My Method: I pitched both vials of yeast and am fermenting them at room temperature for a few days. One day before I brewing I will put the starter in the fridge to cold crash the starter. As I will mention below, I need to decant this extra liquid from the wort to remove any off flavors before pitching into my beer. This will be much lower than the recommended 50 degrees, so about 10 to 2o minutes before I need to pitch I’ll take it out of the fridge, bring the temperature up, and pitch at 50 degrees, the temperature needed for primary fermentation.

The advantage of pitching your starter at a colder temperature is clear. By starting warmer then going cooler, you are preventing the yeast from fully consuming the diacetyl they produced. By starting cooler then having a day or two of diacetyl rest after primary fermentation (before lagering) you can more efficiently remove those buttery flavors from your wort.

Length of Time Needed

Some places on the interwebs and within these ancient things we call “books” suggest that 12 – 24 hours is enough for a yeast culture to reach maximum cell density.

Others have reports of folks doing big beers and needing a full five days, including a day to cold crash.

I made my starter on Sunday. Today is Tuesday. I can still see activity going on, so I’m going to leave it until Wednesday night to see if I want to cold crash on Thursday, then brew on Friday, or cold crash on Friday and brew on Saturday. I don’t know what the correct answer is, so this is just reporting what I’m doing and I’ll follow up if I any exciting results are produced.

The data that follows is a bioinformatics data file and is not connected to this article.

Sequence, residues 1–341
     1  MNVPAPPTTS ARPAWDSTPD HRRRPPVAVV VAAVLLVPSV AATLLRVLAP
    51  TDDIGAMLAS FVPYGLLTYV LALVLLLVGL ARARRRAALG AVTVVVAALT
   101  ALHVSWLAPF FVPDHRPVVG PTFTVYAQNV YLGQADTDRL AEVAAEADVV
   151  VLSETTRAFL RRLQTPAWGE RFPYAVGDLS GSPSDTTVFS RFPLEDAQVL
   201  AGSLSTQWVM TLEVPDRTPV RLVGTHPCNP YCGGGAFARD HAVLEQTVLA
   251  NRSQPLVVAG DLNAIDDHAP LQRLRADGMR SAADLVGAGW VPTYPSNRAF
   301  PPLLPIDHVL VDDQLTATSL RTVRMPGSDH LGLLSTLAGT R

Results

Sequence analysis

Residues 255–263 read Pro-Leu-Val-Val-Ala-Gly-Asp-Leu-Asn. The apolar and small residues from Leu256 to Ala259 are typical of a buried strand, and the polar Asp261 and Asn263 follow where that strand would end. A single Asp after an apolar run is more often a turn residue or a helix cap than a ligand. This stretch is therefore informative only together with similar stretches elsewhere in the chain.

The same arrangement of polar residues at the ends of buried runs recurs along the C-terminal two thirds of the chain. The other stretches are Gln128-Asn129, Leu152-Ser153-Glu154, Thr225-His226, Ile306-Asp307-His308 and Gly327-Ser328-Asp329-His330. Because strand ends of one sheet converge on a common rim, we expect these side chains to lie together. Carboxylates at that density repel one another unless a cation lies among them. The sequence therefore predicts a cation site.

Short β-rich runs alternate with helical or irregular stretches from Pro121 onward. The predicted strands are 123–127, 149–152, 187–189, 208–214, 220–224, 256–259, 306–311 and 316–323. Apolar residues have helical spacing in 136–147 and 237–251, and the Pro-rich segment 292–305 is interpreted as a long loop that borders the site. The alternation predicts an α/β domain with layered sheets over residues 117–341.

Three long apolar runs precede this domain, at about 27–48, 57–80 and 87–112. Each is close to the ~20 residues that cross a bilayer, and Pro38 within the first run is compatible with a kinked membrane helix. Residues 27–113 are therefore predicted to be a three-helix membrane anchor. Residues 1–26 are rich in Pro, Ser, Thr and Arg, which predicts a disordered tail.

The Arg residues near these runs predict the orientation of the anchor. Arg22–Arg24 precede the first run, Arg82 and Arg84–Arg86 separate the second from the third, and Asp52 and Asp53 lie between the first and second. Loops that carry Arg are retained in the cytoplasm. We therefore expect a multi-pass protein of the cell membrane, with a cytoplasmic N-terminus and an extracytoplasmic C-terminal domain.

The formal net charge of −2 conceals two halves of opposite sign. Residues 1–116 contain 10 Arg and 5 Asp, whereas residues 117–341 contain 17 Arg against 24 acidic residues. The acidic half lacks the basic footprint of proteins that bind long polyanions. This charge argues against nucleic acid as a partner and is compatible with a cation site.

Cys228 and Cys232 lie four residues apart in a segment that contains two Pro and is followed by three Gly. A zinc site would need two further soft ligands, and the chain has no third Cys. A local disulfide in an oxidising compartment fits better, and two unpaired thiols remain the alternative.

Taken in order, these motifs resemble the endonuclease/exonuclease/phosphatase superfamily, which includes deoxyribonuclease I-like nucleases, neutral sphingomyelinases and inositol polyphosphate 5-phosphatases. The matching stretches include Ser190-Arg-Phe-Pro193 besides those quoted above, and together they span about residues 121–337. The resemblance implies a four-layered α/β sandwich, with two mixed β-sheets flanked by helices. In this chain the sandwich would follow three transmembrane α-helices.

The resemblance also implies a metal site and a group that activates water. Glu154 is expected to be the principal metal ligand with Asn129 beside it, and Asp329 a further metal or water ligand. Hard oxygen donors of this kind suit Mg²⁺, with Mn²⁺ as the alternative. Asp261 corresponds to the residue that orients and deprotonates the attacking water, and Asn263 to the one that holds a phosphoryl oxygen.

Cold Crash and Decant Extra Liquid

I’ve mentioned this above, I plan to cold crash cold crashed my bock yeast starter which will be first for me. Though I seemed to have used a lot less water than some places recommend, pretty much every source I’ve read has said that you should NOT pitch the whole vile of liquid for large yeast starters.

With smaller starters, for instance, with ales, the volume of starter wort to beer wort is very small, and any off flavors produced will not be able to be tasted in the final beer product. However, as your starter grows, the chance of affecting the final flavor of your beer grows.

The cold crashing is optional, but recommended in order to get all the yeast out of the liquid before decanting the unused wort. Either way, you want to get rid of as much of the excess liquid as you can before putting your awesomely huge yeast culture into your precious beer.

Lessons I Learned About Airlocks

I had always seen videos of guys using airlocks on their yeast starters, and thought it looked pretty cool. You know, sciency!

But Billy Brew convinced me than an air lock is not the best way to go. Remember, we want to give your yeast plenty of oxygen and allow carbon dioxide to escape in order to help them grow rapidly and easily.

Though a foil cover looks a bit tacky IMO, after removing my airlock and swirling the wort every couple of hours I could see much more activity and growth in the flask, and I’m of course happy with these results.

Further Reading:

How To Reduce Diacetyl in My Lagers

Wyyeast Pitch Rates

Homebrew Science | Diacetyl

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I haven’t started my “Chocobock” quite yet, but will add it to my list of beers, including pictures and recipe once all that goes down later this week. If you have any questions, corrections, or personal experiences with bock yeast starters, feel free to leave a comment below.

 

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About Nate

I created this website almost two years ago when I first started homebrewing. Like my brewing, it's been through many changes over the years.

I'm a full time online marketer and brewing beer is my hobby. You'll find a mix of all topics related to craft beer and homebrewing at xBREWx!

Comments

  1. Thanks a lot for all these informations about yeast !